Crime and Punishment

by Fyodor Dostoevsky

I’ve always been an avid reader, but classics intimidate me. My high school English classes went through quite a few – although, that means I have only a tenth-grade understanding of books like Moby Dick (is it worth trying again?) and zero understanding of The Scarlet Letter (I confess, I barely skimmed the CliffsNotes) or Far From the Madding Crowd (I had a friend summarize it for me. Thanks, Alicia). I feel like, as an adult – an intelligent and literate adult, at that – I have a responsibility to read the classics. Surely they are justly deemed to be great works of literature, right? I think my hesitance comes from my underwhelmed reaction to many of the classics I read in high school.

I started reading Crime and Punishment before I had kids. It may have even been before I was married. I absolutely loved the first few chapters – and then, the book was suddenly overdue. I tend to check out a half dozen books at a time and rack up immense library fines. (Don’t worry; I’ve since banned myself from the library.) A year or so after I started Crime and Punishment, I checked it out again, but I couldn’t find my place, so I began reading from the beginning. I got to approximately the same spot and, once again, I got distracted by other books and ended up paying a fine for my late returns. Fortunately, last year for my birthday the Romgi bought me a Kindle, and I downloaded a free copy of Crime and Punishment – no fees, regardless of how long it took me to read.

Well, it was several months. I started from the beginning and was determined to get through it, partly because I made it a goal on my list of 101 things to do in 1001 days. And I still loved it. I’d gotten used to the feel of the first few chapters and I was surprised, pleasantly, when the tone shifted a little and the plot expanded. I had no idea there would be a large cast of characters (I really am ignorant, aren’t I?) or that the plot would involve more than just the eponymous crime. (Please tell me I’ve correctly used the word eponymous here. It might be the first time I’ve actually used it and I’d hate to ruin the experience.) Obviously, punishment is part of the story as well, but the book was much different from the vague idea I had in my head. (I have no idea where or how I formed my idea of the book.)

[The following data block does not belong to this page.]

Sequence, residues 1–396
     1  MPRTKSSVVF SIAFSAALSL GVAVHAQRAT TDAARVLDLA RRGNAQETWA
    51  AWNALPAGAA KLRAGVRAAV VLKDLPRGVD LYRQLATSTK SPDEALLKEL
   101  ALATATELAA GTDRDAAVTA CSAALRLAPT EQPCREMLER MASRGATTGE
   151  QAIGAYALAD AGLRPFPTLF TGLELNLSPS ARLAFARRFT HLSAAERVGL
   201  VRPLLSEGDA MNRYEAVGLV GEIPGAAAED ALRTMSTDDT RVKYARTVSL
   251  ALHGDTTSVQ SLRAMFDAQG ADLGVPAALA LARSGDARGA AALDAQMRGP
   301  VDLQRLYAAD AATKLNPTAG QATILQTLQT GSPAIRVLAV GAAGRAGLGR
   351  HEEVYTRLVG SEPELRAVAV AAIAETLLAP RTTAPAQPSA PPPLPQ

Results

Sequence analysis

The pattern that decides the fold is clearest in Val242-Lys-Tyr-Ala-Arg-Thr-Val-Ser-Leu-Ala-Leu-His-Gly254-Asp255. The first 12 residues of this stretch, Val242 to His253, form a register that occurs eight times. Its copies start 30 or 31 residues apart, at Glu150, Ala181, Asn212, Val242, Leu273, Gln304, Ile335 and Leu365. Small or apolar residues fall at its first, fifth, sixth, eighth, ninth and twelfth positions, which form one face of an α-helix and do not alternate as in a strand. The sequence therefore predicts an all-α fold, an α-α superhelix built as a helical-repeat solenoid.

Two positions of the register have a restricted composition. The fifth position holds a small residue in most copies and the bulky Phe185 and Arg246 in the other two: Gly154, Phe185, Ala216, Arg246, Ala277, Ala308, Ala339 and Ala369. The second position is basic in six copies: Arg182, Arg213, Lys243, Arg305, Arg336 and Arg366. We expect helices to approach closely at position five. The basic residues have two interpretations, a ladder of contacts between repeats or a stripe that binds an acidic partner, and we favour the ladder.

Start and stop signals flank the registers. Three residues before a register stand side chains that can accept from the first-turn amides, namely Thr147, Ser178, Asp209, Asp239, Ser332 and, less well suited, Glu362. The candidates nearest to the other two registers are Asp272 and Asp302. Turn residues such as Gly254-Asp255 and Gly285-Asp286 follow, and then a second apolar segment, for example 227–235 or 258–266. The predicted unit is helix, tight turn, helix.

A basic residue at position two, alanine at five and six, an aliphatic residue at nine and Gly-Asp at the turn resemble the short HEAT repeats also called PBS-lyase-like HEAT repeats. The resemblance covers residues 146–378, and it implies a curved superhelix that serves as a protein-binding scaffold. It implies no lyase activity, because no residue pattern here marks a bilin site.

Are you still with me? You’re so great.

Crime and Punishment did not disappoint. It was wonderfully written – the storytelling and translation were both excellent. This definitely deserves its status as a classic. It shouldn’t intimidate you. I found that reading up on Dostoevsky after finishing the book, rather than before, made me appreciate the story much more. Do you like to learn some background information about the author before you read a book?

When I feel up to it, I want to re-read The Stranger and compare it to Crime and Punishment. I suppose it’s been done before. It seems like an obvious comparison – but quite fascinating. Have you read both? What’s your opinion?

Buy Crime and Punishment on Amazon
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One Comment on “Crime and Punishment”

  1. Katie H. says:

    I really liked Crime and Punishment (well, my 10th grade understanding of it, anyway ;) ). I also actually really liked The Scarlet Letter (again, my 10th grade understanding of it). The other sort of “classic” (required reading at least) from 10th grade that I enjoyed, was The Crucible. Give the Scarlet Letter another chance. Maybe you’ll like it. :)

    Sometimes when I read about the author before I read the book, I feel like the book is about the author, and it is slightly less…imaginative to me. Generally. Not always.

    P.S. You should read The Help if you haven’t. I have a copy of it I’ll lend you. It’s excellent!! It should be a classic (in case you were wondering how on earth that ties in to this post…)


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